In this case, plaintiff asserts that federal question jurisdiction exists based on the ERISA claim. Disputes concerning severance pay may, but do not necessarily, implicate ERISA and support federal jurisdiction. To establish federal jurisdiction, the complaint must allege such facts as will show the establishment or maintenance of a "plan, fund, or program" of the type covered by ERISA. See Donovan v. Dillingham, 688 F.2d 1367, 1369-70 (11th Cir. 1982) (en banc) (health insurance benefits).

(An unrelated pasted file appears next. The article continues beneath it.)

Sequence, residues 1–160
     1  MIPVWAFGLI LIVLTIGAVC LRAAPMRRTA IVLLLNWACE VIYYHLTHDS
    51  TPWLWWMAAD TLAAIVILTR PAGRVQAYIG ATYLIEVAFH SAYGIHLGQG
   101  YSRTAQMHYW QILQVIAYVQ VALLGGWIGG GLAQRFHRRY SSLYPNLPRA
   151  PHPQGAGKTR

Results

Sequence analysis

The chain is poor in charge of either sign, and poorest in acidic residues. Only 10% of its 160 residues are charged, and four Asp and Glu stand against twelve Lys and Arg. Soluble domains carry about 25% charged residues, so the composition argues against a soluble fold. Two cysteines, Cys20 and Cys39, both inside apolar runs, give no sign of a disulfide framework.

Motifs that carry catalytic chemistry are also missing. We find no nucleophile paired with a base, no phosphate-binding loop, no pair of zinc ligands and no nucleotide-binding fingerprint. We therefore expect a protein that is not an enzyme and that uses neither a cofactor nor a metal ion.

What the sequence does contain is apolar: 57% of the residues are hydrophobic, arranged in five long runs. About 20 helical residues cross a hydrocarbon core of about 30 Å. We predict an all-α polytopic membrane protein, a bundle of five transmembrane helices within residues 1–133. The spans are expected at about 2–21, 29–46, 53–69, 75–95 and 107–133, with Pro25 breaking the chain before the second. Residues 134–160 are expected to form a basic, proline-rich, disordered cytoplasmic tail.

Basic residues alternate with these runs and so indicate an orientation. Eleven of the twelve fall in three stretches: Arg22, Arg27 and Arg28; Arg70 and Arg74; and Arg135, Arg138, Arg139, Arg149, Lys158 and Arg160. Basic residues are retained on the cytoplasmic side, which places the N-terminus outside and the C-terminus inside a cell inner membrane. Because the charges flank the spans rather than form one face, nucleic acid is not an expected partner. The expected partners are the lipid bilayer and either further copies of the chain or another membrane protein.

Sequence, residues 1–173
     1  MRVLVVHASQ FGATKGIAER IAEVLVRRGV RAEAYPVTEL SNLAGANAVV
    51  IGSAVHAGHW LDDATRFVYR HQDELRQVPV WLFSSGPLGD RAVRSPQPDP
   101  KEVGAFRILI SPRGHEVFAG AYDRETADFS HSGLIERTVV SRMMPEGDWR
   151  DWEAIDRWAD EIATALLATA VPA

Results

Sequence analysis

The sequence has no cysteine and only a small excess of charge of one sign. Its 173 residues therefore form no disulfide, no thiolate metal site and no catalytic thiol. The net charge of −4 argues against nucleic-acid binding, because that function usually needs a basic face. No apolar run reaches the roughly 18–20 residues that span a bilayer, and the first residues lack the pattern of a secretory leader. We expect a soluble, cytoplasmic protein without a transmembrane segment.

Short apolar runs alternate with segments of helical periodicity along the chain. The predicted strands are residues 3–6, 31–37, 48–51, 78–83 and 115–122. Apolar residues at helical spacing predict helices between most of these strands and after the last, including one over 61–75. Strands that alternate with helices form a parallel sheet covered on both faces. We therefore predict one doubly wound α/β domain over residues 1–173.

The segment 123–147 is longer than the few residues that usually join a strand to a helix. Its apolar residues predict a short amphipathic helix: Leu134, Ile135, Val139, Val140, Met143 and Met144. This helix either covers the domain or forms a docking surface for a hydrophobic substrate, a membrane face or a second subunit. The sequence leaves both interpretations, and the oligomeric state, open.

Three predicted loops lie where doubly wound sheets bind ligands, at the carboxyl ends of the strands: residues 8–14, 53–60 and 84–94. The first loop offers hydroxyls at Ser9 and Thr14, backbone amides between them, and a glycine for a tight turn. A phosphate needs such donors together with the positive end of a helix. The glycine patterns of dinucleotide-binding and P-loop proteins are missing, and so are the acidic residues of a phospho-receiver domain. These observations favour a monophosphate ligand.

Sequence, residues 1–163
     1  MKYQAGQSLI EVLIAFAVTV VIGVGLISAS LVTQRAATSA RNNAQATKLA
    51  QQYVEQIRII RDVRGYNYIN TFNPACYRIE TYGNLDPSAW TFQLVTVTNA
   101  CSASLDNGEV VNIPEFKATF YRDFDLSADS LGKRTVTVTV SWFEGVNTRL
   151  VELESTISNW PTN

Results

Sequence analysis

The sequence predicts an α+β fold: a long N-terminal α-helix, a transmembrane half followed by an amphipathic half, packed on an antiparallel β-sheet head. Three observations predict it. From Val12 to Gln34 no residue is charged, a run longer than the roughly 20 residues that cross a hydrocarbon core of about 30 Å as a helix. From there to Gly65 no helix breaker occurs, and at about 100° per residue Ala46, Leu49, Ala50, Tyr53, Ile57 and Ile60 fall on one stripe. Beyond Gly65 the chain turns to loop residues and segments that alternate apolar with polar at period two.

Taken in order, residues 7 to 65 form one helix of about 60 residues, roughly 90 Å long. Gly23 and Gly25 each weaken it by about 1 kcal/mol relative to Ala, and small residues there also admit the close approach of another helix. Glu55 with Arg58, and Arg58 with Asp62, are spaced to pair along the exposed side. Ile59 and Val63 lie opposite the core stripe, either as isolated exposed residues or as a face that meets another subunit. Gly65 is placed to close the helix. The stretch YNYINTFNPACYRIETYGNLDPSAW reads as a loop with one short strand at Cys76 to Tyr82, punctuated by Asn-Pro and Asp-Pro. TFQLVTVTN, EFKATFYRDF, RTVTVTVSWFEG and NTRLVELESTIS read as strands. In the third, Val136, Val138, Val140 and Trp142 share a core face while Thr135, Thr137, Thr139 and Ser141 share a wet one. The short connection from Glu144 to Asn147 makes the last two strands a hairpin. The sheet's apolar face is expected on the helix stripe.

The complaint places the conclusory label of "policy or plan" on prior payments of severance benefits by AGS, but does not state facts which would justify a court in concluding that a "plan, fund, or program" exists. Although One need not allege the existence of a formal written plan to establish federal question jurisdiction, the fact that in the past severance benefits may have been extended, or that there have been decisions to extend such benefits, is not sufficient to show establishment of a plan or program. See Donovan v. Dillingham, supra, 688 F.2d at 1373 (informal "plan" providing health benefits established where employer obtained group health insurance policy "to furnish specified insurance benefits" to class of employees). To show "establishment," the surrounding circumstances must be such that "a reasonable person can ascertain the intended benefits, a class of beneficiaries, the source of financing, and procedures for receiving benefits." Donovan v. Dillingham, supra, 688 F.2d at 1373; see also Roe v. General American Life Ins. Co., 712 F.2d 450 (10th Cir. 1983); Blue Cross v. Peacock's Apothecary, Inc., 567 F. Supp. 1258, 1267 (N.D. Ala. 1983) (citing Donovan); California Hosp. Assn. v. Henning, 569 F. Supp. 1544 (C.D. Cal. 1983) (citing Donovan). In this case, the complaint alleges little more than that "plaintiff was aware of the company's benefit plans," that Molyneux was offered a choice of severance payment or transfer to CBN in 1978 when his position at Guinness-Harp became redundant, and that the possibility of a termination payment was mentioned in the letter agreement under which he accepted employment with CBN and was "not denied" when later raised with the managing director of CBN and a personnel director affiliated with AGS.